Canadian Wildlife Service - Quebec Region; Environment Canada
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The subjects of this study – the St. Lawrence (river, estuary and gulf) and the Ottawa and Richelieu rivers – present a range of natural shoreline habitats that are conducive to the flourishing of avian, aquatic and terrestrial fauna. Avian fauna, particularly migratory birds, use wetlands as feeding and resting areas. These wetlands develop primarily in bays that are sheltered from currents and their flora varies depending on water salinity and the presence or absence of tides. In the lowlands of the St. Lawrence, which are washed by fresh and brackish waters, wetlands contain submerged and emergent aquatic plants in areas unaffected by tidal action and are dominated by the American bulrush in areas where tidal variations uncover muddy sediments. They develop particularly well in areas where water in shallow, as in the bays of the Ottawa River, the shores of the Richelieu, and in the lakes, bays and island shores of the St. Lawrence. In salt water, they can be found in the fine deposits in the high areas of coves, bays and river mouths sheltered from violent seas. In the St. Lawrence estuary, low wetlands are dominated by Spartina alterniflora communities, while higher wetlands are characterized by the presence of Spartina patens and other halophyte communities. In the Gulf of St. Lawrence, wetland herbaceous species form mosaics of alternating halophyte communities. Photographic interpretation and mapping (1:20,000) of the shorelines of these waterways provide a means of locating wetlands, determining their size, and identifying disturbances of human origin. The results show that there are 39,000 hectares of these wetlands (submerged and emergent plants) in tideless freshwaters and approximately 3,900 hectares of herbaceous communities dominated by the American bulrush in tidal freshwaters. Identified saltwater wetlands represent a total of 9,000 hectares, 4,000 of which are found in the St. Lawrence estuary, 2,400 of which are distributed sporadically along the north shore of the Gulf of St. Lawrence and Gaspé Peninsula, and 2,200 of which are located in the Îles-de-la-Madeleine. Finally, an analysis of “control sectors” (La Prairie Basins, Gentilly and Kamouraska) along the St. Lawrence shows that the impact of major human interventions on the shorelines of these waterways has increased significantly over the past 30 years.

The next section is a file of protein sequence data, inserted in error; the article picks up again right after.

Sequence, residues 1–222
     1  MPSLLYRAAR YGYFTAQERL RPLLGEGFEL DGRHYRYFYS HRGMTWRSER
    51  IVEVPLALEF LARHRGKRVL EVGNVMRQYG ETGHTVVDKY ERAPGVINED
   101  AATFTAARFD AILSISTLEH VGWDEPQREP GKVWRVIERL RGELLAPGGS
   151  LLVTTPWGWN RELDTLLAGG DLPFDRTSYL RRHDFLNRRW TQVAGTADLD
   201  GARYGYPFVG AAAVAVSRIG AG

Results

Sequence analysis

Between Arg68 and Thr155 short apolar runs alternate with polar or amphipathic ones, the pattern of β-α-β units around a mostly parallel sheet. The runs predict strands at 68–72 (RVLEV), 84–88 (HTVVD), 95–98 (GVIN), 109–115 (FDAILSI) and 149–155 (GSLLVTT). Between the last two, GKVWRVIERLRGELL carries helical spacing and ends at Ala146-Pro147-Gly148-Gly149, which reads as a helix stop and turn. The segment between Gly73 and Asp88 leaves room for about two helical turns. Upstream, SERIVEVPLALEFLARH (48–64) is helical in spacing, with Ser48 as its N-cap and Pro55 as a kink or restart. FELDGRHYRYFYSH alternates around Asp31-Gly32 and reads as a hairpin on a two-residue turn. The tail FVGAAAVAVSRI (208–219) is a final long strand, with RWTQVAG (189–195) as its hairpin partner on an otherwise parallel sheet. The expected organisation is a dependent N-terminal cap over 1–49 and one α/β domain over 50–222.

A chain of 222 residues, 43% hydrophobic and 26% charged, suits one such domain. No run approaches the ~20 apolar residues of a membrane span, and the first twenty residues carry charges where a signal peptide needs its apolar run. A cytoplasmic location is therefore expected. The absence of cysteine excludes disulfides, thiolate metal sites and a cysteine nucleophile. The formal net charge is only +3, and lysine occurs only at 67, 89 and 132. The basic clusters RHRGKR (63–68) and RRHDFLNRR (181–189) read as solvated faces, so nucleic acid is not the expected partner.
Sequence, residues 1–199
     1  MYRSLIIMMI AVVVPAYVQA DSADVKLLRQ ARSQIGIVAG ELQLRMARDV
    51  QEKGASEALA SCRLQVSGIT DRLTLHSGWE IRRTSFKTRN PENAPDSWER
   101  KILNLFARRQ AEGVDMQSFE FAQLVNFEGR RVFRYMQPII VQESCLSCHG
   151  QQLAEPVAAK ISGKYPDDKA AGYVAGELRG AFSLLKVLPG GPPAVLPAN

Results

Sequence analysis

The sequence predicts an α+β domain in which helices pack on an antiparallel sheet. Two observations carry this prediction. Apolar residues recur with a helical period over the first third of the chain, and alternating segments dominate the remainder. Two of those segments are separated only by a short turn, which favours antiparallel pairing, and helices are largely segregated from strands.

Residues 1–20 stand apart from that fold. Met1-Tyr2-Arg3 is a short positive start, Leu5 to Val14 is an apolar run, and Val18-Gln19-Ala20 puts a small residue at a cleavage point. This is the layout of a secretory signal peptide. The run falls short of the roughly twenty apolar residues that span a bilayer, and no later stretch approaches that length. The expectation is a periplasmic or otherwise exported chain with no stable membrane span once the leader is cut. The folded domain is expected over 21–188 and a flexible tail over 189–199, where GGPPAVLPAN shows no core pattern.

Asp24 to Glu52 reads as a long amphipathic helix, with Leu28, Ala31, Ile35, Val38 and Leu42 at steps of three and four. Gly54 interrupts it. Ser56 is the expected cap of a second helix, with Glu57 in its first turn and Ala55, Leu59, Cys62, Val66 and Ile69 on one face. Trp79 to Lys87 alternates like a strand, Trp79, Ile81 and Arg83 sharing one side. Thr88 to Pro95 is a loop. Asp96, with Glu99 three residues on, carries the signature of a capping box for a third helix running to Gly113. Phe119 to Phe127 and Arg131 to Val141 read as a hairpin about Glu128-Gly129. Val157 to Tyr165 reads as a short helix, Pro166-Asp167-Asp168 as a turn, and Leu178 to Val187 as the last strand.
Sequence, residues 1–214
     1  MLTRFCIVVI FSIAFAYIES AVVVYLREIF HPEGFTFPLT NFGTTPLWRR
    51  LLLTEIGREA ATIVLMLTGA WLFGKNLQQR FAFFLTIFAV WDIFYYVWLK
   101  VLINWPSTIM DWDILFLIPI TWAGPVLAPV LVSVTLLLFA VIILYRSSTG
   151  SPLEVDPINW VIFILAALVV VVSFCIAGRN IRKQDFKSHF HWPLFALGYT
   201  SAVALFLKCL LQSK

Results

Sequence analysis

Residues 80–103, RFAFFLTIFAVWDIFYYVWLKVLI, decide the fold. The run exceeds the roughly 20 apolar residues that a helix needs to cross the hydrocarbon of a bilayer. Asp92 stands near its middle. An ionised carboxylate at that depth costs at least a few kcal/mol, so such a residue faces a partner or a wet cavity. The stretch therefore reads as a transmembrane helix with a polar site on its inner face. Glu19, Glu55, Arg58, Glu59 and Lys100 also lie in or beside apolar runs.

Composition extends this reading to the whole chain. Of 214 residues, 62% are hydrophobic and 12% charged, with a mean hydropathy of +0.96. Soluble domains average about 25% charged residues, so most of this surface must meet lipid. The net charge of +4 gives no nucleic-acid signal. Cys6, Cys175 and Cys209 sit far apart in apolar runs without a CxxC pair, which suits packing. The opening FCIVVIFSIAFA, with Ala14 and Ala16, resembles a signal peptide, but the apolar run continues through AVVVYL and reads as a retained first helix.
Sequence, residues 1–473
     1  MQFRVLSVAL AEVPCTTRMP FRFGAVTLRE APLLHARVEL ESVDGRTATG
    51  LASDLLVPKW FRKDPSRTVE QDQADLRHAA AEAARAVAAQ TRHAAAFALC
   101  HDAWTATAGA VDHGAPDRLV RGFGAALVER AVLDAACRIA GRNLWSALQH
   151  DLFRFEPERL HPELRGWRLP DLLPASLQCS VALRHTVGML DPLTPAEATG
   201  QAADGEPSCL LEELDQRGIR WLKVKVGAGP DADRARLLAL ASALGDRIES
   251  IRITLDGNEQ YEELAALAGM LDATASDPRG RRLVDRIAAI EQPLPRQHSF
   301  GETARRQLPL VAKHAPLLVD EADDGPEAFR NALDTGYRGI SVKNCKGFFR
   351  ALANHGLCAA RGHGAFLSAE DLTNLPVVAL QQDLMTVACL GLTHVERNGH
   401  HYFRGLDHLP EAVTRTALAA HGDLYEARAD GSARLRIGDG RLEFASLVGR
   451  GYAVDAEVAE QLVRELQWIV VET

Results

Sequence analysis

Land use classification on the basis of multidate Landsat-ETM and Radarsat-1 images. Classification is based on the segmentation of images into objects using Definiens Earth software (formerly eCognition©). Object-oriented classification combines fuzzy logic, based on spectral, spatial and contextual properties (statistical functions of belonging), and, as a last resort, the manual identification of objects when automatic classification performs less well for certain objects. Targeted land use classes include agriculture (annual and perennial), the road system (expressways, roads, forest roads), the water system (permanent and non-permanent waterways and non-permanent ponds under forest cover), wetlands, urban areas, and forests. Top-to-bottom multiscale classification, reflecting an approach developed by the Canadian Wildlife Service, Quebec Division, in the context of the Canadian Wetlands Inventory (CWI), has been adapted for land use purposes. The methodological details of this classification approach were published in Grenier et al. 2007. Grenier, M., Demers, A.-M., Labrecque, S., Benoit, M., Fournier R., and Drolet B. 2007. An object-oriented method to map wetland using RADARSAT-1 and Landsat-ETM images: test case on two sites in Quebec, Canada. Canadian Journal of Remote Sensing, Vol. 33, Suppl. 1, pp. S28-S45.
The highly diversified agriculture practised in Quebec in the past has been gradually replaced by more specialized agricultural practices and large-scale production. These changes have resulted in the disappearance of a significant portion of the woodlands that formerly were part of the agricultural landscape of southern Quebec. It is becoming increasingly clear that these woodlands performed a number of highly important ecological and agronomic functions within the larger ecosystem, while ensuring the survival of indigenous plant and animal species in the agricultural landscape. It follows that conserving the woodland islands that remain is of the utmost importance, particularly in the sectors of Quebec where agriculture has been practiced intensively in recent decades. In recent years, the Canadian Wildlife Service of Environment Canada has responded to the challenge of maintaining biodiversity in agricultural ecosystems by developing a Conservation Atlas of Woodlands in the Agricultural Landscape, the primary purpose of which is to determine the status of woodlands and forest fragmentation in southern Quebec. The Atlas also reflects the knowledge acquired to date on the use of these habitats by birds (many species of which are highly vulnerable to landscape fragmentation) and, as such, will complement the information already available on the presence of animal and plant species and will serve as a decision-making tool for managers and conservation groups in the region.